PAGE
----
The chunk of steel was "no larger than a basketball," Shayt said. "The Port Authority police opened it with the Jaws of Life and it spilled $20 bills, receipts and coins." Shayt immediately asked for it. In the exhibit, that single piece of office equipment represents all of the offices in the twin towers.

The curators were faced with hard choices at every turn. "For the 9-11 collection, there was the issue of taste and appropriateness," Liebhold said. "Curators can be seen as goodly souls trying to save important events, and they can be looked upon as ghouls picking at tragic events."

The pickings have to be flexible. The Smithsonian's historic collection must work both for audiences today and for historians and others years from now.

"What we've built is a core collection that can be used in five or six or eight different ways, through exhibits, through Web broadcasts, through loans to other museums, through lectures with slides - for the centennial of 9-11, in 2101. We will have the tools, the roots and branches, for them to build upon," said Shayt on the "Bearing Witness" Web site.

Six months after the attacks, Kendrick said, curatorial staff members preparing for the debut of the exhibit in Washington, D.C., were extremely hesitant, not even sure if they should mount a show for the first anniversary. Was it too soon? Were the wounds too fresh? Or did the public want the story told on the first anniversary? They polled visitors at the museum and the response was an emphatic "yes" for the show, but with restrictions. The public did not want the museum to include the hijackers. The museum staff complied. "Bearing Witness" does not examine the terrorists, Islamic extremism, Osama bin Laden or al-Qaida.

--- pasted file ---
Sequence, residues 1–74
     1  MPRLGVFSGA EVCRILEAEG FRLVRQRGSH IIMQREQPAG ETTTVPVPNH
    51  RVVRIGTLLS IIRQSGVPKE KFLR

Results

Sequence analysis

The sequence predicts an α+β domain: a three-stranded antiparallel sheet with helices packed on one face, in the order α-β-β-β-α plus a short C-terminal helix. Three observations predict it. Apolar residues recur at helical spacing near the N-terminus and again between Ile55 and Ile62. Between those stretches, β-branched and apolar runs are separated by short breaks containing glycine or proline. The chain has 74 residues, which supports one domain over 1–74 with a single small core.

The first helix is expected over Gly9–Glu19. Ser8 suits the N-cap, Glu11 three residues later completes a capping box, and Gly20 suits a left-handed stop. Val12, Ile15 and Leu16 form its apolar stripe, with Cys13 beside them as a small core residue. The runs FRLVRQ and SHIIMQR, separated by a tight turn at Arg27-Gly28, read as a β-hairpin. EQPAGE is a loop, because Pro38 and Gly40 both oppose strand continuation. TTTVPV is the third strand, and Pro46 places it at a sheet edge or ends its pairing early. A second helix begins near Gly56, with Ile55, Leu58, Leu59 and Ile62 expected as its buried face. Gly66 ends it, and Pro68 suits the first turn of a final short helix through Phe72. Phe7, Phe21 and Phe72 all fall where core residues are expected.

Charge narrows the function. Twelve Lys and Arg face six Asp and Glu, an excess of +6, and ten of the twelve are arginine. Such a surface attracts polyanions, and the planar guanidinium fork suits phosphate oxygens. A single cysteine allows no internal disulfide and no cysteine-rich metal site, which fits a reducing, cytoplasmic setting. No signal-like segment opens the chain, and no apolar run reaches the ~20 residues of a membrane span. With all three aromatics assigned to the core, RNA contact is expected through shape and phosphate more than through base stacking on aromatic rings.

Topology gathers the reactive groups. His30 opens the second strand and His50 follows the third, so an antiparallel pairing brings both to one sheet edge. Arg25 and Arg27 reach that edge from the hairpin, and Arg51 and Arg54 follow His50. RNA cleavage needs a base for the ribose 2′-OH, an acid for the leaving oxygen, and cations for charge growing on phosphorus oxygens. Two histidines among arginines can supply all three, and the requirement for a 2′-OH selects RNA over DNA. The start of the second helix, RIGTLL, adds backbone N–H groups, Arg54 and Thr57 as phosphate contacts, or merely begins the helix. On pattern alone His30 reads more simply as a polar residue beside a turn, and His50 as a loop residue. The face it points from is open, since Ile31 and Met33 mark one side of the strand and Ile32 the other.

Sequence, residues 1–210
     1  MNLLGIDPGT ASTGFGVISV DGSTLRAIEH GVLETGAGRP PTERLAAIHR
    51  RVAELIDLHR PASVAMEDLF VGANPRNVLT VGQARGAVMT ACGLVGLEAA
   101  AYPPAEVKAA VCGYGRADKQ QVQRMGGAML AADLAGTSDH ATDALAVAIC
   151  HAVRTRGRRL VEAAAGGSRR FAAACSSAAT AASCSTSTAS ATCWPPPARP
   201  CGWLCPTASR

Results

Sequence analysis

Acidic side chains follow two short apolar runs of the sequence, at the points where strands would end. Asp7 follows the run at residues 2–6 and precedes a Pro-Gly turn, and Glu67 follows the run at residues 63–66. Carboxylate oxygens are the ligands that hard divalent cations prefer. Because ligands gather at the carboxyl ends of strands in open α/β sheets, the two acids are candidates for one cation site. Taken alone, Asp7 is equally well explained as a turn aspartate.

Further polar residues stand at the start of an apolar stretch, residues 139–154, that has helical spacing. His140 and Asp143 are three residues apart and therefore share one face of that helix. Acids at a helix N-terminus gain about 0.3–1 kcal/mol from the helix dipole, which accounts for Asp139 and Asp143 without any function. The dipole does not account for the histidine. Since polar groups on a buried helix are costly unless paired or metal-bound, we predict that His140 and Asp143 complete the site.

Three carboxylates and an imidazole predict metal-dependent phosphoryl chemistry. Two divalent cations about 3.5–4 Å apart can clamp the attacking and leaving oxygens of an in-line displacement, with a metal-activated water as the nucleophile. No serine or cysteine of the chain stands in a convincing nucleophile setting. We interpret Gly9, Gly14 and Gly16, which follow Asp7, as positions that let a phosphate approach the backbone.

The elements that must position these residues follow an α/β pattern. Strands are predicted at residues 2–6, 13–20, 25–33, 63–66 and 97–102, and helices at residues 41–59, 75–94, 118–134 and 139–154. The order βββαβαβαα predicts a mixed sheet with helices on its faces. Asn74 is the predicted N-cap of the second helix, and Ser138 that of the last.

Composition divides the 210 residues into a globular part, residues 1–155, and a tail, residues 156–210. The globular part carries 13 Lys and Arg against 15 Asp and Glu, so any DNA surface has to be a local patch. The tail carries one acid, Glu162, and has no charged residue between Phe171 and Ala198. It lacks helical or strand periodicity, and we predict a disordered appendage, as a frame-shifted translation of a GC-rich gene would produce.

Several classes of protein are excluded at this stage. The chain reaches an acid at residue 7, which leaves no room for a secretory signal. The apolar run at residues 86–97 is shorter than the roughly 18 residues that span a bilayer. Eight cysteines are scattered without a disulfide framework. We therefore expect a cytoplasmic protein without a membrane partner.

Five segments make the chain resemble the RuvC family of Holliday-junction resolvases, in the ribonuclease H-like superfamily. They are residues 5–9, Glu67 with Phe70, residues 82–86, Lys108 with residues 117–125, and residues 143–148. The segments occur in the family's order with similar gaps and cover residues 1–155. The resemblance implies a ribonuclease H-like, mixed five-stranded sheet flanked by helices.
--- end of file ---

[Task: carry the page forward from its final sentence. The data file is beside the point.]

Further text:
Some of the most fragile artifacts in that original show, such as the "Bellevue wall," are not traveling in the exhibition. The "wall" was a temporary plywood structure next to Bellevue Hospital, an emergency center close to ground zero in New York City that became plastered with fliers of the missing. The photocopies and Polaroid pictures were covered in a sheet of plastic to protect them from the rain, and the plastic began to collect the dust that was stirred up during recovery operations. The Washington show had a section of the Bellevue wall complete with fliers, plastic and dust. The plastic is considered part of the artifact, as is the fine dust that settled on it, rendering the wall too delicate for transportation.

A briefcase belonging to an office worker who made it out alive didn't travel either. The Smithsonian considers the dust that covers it an intrinsic part of the history of the piece and the telling of the story.

"The most important function of the collection is preservation, in and of itself - it is the fundamental purpose of the museum," Shayt said on the Web site. He envisions the day when a grandchild of one of the victims arrives at the museum. She is so old that she is in a wheelchair, but she has come to see what happened the day her grandfather died. "That will justify everything we've done, with one visit."

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© 2003, Fort Worth Star-Telegram Distributed by Knight Ridder/Tribune Information Services